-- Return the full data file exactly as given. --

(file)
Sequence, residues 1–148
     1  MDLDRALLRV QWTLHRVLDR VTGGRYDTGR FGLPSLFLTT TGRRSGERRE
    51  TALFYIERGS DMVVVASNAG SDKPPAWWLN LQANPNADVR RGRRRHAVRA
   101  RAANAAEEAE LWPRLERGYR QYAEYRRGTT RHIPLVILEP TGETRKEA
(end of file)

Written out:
Sequence, residues 1–148
     1  MDLDRALLRV QWTLHRVLDR VTGGRYDTGR FGLPSLFLTT TGRRSGERRE
    51  TALFYIERGS DMVVVASNAG SDKPPAWWLN LQANPNADVR RGRRRHAVRA
   101  RAANAAEEAE LWPRLERGYR QYAEYRRGTT RHIPLVILEP TGETRKEA